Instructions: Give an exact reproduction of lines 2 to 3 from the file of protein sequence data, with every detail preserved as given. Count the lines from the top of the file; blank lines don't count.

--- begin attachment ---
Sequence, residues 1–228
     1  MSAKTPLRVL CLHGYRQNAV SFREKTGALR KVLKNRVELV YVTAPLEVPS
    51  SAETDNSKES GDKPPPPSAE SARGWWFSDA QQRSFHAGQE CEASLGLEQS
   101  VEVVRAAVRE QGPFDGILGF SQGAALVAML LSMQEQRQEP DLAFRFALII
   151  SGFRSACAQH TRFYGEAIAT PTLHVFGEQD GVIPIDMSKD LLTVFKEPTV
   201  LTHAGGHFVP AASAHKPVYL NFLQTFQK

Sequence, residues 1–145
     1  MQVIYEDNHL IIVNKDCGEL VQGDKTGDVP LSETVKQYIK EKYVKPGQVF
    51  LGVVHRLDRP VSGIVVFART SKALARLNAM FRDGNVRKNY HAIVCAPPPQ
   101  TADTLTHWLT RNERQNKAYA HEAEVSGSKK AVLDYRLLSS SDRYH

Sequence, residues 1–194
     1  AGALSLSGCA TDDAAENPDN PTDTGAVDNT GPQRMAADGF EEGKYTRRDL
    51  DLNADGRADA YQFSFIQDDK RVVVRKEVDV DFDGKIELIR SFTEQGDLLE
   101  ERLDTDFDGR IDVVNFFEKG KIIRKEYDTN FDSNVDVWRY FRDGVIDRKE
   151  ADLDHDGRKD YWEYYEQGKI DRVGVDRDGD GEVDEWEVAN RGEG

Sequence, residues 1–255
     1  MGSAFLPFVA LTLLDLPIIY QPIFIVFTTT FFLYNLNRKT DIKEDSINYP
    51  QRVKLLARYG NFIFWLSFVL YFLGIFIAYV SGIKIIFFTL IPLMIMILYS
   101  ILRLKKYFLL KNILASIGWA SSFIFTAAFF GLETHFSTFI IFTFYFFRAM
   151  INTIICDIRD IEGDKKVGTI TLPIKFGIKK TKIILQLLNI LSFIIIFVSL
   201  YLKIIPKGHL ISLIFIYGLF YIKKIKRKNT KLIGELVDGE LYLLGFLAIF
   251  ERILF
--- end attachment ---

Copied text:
     1  MSAKTPLRVL CLHGYRQNAV SFREKTGALR KVLKNRVELV YVTAPLEVPS
    51  SAETDNSKES GDKPPPPSAE SARGWWFSDA QQRSFHAGQE CEASLGLEQS